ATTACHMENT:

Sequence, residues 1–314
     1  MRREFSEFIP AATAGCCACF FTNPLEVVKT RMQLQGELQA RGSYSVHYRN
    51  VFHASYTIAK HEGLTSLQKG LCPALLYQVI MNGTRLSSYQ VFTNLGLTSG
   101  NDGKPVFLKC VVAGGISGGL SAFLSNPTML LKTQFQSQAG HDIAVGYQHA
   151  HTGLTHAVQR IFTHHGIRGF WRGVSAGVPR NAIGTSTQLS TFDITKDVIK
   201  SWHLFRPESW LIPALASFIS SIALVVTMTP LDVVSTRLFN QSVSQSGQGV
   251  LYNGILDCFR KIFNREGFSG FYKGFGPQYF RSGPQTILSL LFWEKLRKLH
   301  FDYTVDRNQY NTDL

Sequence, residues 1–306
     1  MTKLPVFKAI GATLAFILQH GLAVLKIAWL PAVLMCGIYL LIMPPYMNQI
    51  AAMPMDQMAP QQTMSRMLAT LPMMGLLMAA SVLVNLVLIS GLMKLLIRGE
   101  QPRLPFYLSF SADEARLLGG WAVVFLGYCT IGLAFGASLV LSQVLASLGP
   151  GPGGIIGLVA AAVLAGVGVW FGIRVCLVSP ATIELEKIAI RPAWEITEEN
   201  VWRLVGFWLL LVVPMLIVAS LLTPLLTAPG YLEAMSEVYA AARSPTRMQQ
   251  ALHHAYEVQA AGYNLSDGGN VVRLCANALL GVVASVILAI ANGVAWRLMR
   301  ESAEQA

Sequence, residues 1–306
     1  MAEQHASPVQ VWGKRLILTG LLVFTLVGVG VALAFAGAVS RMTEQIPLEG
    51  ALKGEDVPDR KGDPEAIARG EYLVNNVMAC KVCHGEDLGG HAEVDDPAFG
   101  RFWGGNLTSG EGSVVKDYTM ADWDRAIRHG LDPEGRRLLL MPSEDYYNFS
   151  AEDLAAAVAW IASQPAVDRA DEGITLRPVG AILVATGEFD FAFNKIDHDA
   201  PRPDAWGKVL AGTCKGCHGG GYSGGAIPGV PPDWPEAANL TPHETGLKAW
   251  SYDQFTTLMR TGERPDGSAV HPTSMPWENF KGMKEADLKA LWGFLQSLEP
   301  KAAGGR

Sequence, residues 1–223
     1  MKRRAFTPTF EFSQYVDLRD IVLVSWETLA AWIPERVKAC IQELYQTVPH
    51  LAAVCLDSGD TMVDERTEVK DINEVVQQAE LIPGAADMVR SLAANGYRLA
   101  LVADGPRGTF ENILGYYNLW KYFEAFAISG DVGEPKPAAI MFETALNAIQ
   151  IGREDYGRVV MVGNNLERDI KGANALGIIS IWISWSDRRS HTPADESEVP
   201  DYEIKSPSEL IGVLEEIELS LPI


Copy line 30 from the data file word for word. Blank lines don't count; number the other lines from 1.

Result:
   201  DYEIKSPSEL IGVLEEIELS LPI